US Masters: Rory McIlroy haunted by Augusta meltdown
Published 15/04/2014 | 12:10
Will Rory McIlroy ever win at Augusta National? Of course! To suggest otherwise is unthinkable. Or at least it used be.
McIlroy's game looks a natural fit for the Green Jacket.
In the same way that left-handed Bubba Watson's super-power fade renders him almost unbeatable around Augusta when he's in the groove.
For Spieth's sake, did you ever witness anything as wild and mighty as Bubba's 366-yard drive at 13 on Sunday?
It singed the tree-tops as it flashed across the corner of the dog leg, leaving Watson a 56-degree sand-wedge into this par-five!
"I'll never forget that drive," said Jordan Spieth (20), who tied-second with another Masters first-timer, Jonas Blixt of Sweden.
"I thought it was out of bounds, 70 yards left," added the Texan, shaking his head. "Yet it's perfect and I guess he knew that when he hit it too."
Watson, who first donned the Green Jacket in 2012, joined Phil Mickelson and McIlroy in the exclusive group of players who have won more than once in the last 22 Majors.
This 35-year-old, from humble origins in Bagdad, Florida, boasts of never having a golf lesson in his life and you won't find his swing in coaching videos.
He plays with raw natural talent and instinct ... sees the shot in the mind's eye and hits it.
There's only one way for this guy – the Bubba way.
Yet if Watson can never be anyone else on the golf course, McIlroy – another extravagantly gifted player – almost gives the impression that he can't ever be himself around Augusta.
On a positive note, it was thrilling from day one last Thursday to see the Ulsterman take driver at every opportunity, even on the short par-four third, and play to his greatest strength.
His performance off the tee and with his irons was, once again, uninhibited and mostly impressive this year at Augusta.
Yet the 24-year-old Holywood native was entitled to feel frustrated with several elements of his game, especially his putting, short game and a costly few loose approach shots.
McIlroy's first top-10 finish at the Masters in a tie for eighth on even-par was scant consolation at the end of a week which would have yielded so much more had he managed to convert the chances he created and curtail the errors he made.
For the fourth year in succession, his Masters-winning prospects were undone by one perplexing bad round, a 77 on Friday, after which McIlroy was matched only by Rickie Fowler as he played the final 36 holes in four-under.
He immediately identified his performance on the par-fives as a problem. Despite finishing second only to Watson in driving distance (averaging 304 yards against 305.6 by the winner), McIlroy played the 16 long holes at Augusta in even par.
Pointedly, that was eight lower than Bubba's aggregate and, you've guessed it, McIlroy finished eight shots behind the winner.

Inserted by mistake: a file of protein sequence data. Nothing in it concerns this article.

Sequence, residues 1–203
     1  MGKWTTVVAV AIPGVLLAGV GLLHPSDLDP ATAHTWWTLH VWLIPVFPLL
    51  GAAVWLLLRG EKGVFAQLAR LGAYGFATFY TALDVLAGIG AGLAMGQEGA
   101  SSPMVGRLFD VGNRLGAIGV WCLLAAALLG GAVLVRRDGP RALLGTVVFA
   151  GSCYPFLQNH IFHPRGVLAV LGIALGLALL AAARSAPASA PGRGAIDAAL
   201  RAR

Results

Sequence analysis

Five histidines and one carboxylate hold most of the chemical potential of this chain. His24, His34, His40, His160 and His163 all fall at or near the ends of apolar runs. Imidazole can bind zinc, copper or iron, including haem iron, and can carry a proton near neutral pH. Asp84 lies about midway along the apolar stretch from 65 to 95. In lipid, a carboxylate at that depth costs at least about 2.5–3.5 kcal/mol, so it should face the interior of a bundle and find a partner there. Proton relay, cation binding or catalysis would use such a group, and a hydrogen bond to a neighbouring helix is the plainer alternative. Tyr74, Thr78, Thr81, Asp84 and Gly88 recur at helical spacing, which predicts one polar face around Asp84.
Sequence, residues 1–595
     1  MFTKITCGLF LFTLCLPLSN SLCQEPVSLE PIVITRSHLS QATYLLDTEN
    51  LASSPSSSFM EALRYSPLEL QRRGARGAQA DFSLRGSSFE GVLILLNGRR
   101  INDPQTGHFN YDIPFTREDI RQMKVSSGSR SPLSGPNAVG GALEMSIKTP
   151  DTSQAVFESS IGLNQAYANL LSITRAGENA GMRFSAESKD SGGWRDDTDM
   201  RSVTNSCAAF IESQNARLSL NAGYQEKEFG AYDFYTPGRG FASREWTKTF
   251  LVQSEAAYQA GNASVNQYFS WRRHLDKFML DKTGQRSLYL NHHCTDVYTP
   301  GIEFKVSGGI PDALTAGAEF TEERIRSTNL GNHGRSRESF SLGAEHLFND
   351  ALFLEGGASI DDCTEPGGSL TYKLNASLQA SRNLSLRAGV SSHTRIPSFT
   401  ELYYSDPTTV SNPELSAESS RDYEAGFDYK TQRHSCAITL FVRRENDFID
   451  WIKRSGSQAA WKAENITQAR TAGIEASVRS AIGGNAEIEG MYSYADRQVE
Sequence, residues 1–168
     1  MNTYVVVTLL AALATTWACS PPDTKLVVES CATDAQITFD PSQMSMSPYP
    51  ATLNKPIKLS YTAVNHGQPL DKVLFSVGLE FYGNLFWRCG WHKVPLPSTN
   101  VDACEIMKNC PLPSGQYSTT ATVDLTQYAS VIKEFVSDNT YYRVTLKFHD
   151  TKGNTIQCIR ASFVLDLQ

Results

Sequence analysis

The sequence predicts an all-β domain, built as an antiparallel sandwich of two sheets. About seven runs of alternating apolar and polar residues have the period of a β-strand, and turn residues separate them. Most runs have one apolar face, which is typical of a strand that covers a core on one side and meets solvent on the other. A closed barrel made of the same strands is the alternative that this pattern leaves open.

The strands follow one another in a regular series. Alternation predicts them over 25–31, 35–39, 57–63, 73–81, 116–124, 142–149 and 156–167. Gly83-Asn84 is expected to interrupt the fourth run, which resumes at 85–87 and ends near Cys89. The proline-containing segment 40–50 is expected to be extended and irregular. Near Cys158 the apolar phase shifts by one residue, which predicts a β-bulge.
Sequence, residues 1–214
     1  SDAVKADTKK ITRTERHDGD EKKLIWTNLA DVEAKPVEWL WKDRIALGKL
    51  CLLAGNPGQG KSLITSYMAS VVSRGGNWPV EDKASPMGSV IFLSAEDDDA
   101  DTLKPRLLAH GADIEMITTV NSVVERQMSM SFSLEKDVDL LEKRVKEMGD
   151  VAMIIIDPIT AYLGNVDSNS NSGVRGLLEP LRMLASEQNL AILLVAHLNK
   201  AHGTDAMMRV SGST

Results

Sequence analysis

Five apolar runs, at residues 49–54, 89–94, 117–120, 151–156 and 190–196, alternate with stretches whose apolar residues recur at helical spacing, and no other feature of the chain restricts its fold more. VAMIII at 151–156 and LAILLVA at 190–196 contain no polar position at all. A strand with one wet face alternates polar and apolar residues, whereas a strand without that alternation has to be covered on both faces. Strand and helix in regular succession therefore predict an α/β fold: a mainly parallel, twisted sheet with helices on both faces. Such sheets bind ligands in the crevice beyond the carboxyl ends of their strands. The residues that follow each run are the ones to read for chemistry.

The Northern Irishman's record on Augusta's long holes falls far short of Tiger Woods' or Phil Mickelson's. His best total for the par-fives was seven-under on his Masters debut in 2009.
His five birdie fours this year (one at the second, one at eight and two at 15), were cancelled out by five sixes (at eight on Thursday, at two and 13 on Friday and at 13 and 15 on Sunday).
Though second only to Spieth in greens in regulation, McIlroy finished a head-wrecking 49th, third last, in putting with 125 over 72 holes ... only Jimmy Walker (126) and Billy Horschel (131), two Augusta first-timers, fared worse.
For the record, McIlroy took nine more putts than Watson and 17 more than fifth-place finisher Fowler, the hottest putter at Augusta last week. Explaining he identified a flaw in his alignment on the sixth on Sunday, McIlroy felt he putted more consistently thereafter.
Yet he's long been a streaky putter. In the great weeks, like at Congressional in 2011 and Kiawah in 2012, he appears infallible, while it's rarely an issue in regular events. Yet on Augusta National's greens, arguably the most intimidating in golf, it can come and go with the flow.
For example, McIlroy (left) putted sublimely for three rounds in 2011, then struggled on Sunday, even making a four-putt from 20 feet at 12, albeit at the height of the meltdown.
Also significant, one feels, is the baggage every experienced Masters competitor carries with him at Augusta. How curious, for example, that McIlroy, from the fairway, landed himself deep in trouble on the pine needles left of 10, his nemesis, on successive days with short-irons leading to a double-bogey six there on Friday and a bogey five on Saturday.
McIlroy has no shortage of stinging memories at Augusta, as much as a lot of guys might pick up in a lifetime. In that respect, Bubba's lucky ... it's all done on instinct. Memory doesn't really enter the equation.
Sunday's Masters hinged on half-a-dozen incidents. First, Bubba made a couple of gutsy early birdie putts at four and six.
The tournament swung by four strokes in his favour at eight and nine, both of which Watson birdied and Spieth bogeyed. After the youngster hit his tee shot in the water at 12, Watson produced that ferocious drive down 13.
Watson always follows his instinct – playing a risky approach out of the trees and over the pond at 15, for example, or taking driver off the tee at 17.
McIlroy's more cerebral and controlled. That and his eventful past in the Masters is, one suspects, to his distinct disadvantage around Augusta.
With his game and so many opportunities to come, McIlroy's prospects of winning a Green Jacket at some stage certainly look good... as did those of Greg Norman, Tom Weiskopf, Johnny Miller and Ernie Els.